Directors living in a 'boardroom bubble'

Directors seem to have a very different view to the hoi polloi on how business is going...

by Dave Waller
Last Updated: 06 Nov 2012
That’s according to Roffey Park’s Management Agenda report, the result of a survey of over 1,500 managers. It found that, for instance, while 83% of board directors believe their organisations have handled redundancies well or very well, that sentiment is shared by only 44% of managers on grades below them. Which is very revealing indeed. Either middle-management are a cynical bunch – which is perfectly possible – or those at the senior level are walking around wearing blinkers.

In fact, the results must make for uncomfortable reading for anyone who’s already bitter about the haves and have-nots of the corporate world. Not only were senior managers more secure in their jobs than those in the tier below (63% to 41%), but they were also more confident they’d be able to find another one if they did get booted out (45% compared to 32%).

They were also more optimistic about the future, happier with their work/life balance and, perhaps not surprisingly, more positive about their organisation’s leadership (89% compared to 70%). They were also notably less stressed (31% to 46 %), which to any lower-down who is already pulling their hair out must be even more infuriating.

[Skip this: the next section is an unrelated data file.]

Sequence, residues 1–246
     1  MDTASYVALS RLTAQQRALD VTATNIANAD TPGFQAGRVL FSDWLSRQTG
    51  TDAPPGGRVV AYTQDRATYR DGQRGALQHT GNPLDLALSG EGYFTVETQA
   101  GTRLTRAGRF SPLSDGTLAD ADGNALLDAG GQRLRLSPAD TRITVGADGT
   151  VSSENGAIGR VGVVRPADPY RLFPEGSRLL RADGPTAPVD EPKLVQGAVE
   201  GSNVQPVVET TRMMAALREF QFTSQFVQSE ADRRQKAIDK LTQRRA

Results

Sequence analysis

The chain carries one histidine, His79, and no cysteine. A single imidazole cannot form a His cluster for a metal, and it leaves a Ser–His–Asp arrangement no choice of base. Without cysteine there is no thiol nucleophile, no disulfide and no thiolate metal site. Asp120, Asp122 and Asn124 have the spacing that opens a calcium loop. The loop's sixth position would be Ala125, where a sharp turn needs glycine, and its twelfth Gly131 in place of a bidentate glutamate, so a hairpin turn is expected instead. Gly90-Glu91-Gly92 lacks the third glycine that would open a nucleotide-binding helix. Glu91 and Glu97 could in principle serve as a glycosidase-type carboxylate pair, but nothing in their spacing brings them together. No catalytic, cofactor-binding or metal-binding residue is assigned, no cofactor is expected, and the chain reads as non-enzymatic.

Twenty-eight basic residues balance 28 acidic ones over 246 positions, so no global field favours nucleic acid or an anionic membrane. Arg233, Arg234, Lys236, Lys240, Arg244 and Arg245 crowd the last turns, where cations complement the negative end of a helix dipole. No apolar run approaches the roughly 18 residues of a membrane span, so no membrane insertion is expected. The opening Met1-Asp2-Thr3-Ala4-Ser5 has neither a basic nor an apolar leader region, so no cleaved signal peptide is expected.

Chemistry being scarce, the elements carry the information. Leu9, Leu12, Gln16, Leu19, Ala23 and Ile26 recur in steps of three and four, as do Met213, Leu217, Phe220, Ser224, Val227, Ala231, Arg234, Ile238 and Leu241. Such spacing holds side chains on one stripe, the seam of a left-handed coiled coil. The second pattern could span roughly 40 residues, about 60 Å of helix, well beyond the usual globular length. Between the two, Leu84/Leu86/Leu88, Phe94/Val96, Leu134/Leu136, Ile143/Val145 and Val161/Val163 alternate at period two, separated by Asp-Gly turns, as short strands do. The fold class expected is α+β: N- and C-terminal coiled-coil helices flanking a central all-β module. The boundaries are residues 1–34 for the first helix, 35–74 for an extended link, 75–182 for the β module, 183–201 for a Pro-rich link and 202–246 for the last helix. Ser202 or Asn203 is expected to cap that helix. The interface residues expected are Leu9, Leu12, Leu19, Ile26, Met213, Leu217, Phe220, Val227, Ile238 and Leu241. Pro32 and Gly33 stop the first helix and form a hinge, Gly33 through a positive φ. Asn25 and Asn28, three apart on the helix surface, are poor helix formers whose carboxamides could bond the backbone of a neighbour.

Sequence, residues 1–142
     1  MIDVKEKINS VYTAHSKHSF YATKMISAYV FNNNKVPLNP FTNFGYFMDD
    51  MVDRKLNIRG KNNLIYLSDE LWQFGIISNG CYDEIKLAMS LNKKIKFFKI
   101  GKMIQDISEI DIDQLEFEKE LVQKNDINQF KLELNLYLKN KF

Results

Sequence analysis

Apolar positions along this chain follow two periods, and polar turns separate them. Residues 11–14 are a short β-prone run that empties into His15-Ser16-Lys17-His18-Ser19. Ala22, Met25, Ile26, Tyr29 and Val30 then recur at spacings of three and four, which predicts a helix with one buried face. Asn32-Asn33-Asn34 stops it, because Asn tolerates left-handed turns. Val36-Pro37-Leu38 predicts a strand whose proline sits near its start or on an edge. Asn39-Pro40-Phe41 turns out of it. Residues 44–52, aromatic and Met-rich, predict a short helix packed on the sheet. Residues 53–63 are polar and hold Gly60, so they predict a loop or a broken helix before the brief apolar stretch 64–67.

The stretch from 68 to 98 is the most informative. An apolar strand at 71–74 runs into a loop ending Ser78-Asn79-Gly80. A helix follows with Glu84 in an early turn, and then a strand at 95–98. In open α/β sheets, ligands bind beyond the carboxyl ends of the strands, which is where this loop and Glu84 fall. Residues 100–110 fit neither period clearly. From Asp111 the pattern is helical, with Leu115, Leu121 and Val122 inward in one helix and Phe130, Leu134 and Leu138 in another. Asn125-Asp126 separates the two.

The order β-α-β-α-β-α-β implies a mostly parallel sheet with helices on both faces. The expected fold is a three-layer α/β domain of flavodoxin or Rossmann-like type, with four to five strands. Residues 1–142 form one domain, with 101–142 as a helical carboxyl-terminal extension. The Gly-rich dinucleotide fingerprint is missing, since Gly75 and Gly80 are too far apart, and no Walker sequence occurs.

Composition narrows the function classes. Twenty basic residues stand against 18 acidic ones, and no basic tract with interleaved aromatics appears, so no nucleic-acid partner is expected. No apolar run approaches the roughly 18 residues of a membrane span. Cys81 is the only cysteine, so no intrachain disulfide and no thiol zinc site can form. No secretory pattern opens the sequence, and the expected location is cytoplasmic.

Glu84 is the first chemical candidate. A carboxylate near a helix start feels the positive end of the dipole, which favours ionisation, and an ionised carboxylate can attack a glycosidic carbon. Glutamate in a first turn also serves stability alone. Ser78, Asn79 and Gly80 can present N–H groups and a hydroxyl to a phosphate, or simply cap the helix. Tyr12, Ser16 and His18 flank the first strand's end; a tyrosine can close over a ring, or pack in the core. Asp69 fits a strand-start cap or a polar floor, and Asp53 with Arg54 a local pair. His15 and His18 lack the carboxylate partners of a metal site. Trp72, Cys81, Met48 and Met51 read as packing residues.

It all paints a bit of a weird picture. Everyone else is panicking, while those at the top are in their ivory tower singing about how everything’s tickety boo. You could of course argue that that’s why they are where they are – they’re the ones who retain an untainted positive view despite the less than perfect circumstances. It probably follows that unseasonably positive people would be exactly the type to land another job if they were to lose theirs. And with everything seemingly perfectly fine, it should be no surprise that they wind up less stressed.

That won’t do much to placate the anti-director-bonus masses, but the Government is still likely to be smiling over the report: the conclusions surrounding wellbeing tie in nicely with its drive to pin down precisely how happy everyone is around here. For example, one of the best predictors of wellbeing is a good match between an employee’s personal values and those of the organisation they work for, it says, which leads to a greater sense of purpose. And those organisations driven by their purpose, not the shareholders, are the most financially successful.

Of course, here again it helps if you’re one of the observers at the rose-tinted top. 74% of directors reported a strong collective sense of purpose, compared to a mere 47% of those below them. The trick may be to work out how to get that latter group on board too. Otherwise even the rose-tinted director brigade may soon find their illusions shattered.

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